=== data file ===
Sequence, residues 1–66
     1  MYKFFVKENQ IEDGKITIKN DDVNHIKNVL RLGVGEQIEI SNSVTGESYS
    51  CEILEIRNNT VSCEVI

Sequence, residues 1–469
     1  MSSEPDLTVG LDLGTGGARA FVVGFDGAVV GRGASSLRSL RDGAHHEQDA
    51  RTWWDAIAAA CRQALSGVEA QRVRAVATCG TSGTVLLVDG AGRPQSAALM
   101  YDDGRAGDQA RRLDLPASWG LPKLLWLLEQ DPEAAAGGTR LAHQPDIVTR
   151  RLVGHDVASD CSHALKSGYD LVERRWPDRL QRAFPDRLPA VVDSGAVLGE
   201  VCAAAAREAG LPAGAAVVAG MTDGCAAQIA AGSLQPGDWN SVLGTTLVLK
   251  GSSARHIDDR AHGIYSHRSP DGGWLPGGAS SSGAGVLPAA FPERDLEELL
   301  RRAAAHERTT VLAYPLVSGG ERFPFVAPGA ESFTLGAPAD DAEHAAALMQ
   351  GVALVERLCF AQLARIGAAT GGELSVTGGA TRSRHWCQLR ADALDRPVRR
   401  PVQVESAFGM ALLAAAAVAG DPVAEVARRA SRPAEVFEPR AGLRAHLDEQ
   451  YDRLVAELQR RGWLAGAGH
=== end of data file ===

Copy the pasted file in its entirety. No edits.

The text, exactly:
Sequence, residues 1–66
     1  MYKFFVKENQ IEDGKITIKN DDVNHIKNVL RLGVGEQIEI SNSVTGESYS
    51  CEILEIRNNT VSCEVI

Sequence, residues 1–469
     1  MSSEPDLTVG LDLGTGGARA FVVGFDGAVV GRGASSLRSL RDGAHHEQDA
    51  RTWWDAIAAA CRQALSGVEA QRVRAVATCG TSGTVLLVDG AGRPQSAALM
   101  YDDGRAGDQA RRLDLPASWG LPKLLWLLEQ DPEAAAGGTR LAHQPDIVTR
   151  RLVGHDVASD CSHALKSGYD LVERRWPDRL QRAFPDRLPA VVDSGAVLGE
   201  VCAAAAREAG LPAGAAVVAG MTDGCAAQIA AGSLQPGDWN SVLGTTLVLK
   251  GSSARHIDDR AHGIYSHRSP DGGWLPGGAS SSGAGVLPAA FPERDLEELL
   301  RRAAAHERTT VLAYPLVSGG ERFPFVAPGA ESFTLGAPAD DAEHAAALMQ
   351  GVALVERLCF AQLARIGAAT GGELSVTGGA TRSRHWCQLR ADALDRPVRR
   401  PVQVESAFGM ALLAAAAVAG DPVAEVARRA SRPAEVFEPR AGLRAHLDEQ
   451  YDRLVAELQR RGWLAGAGH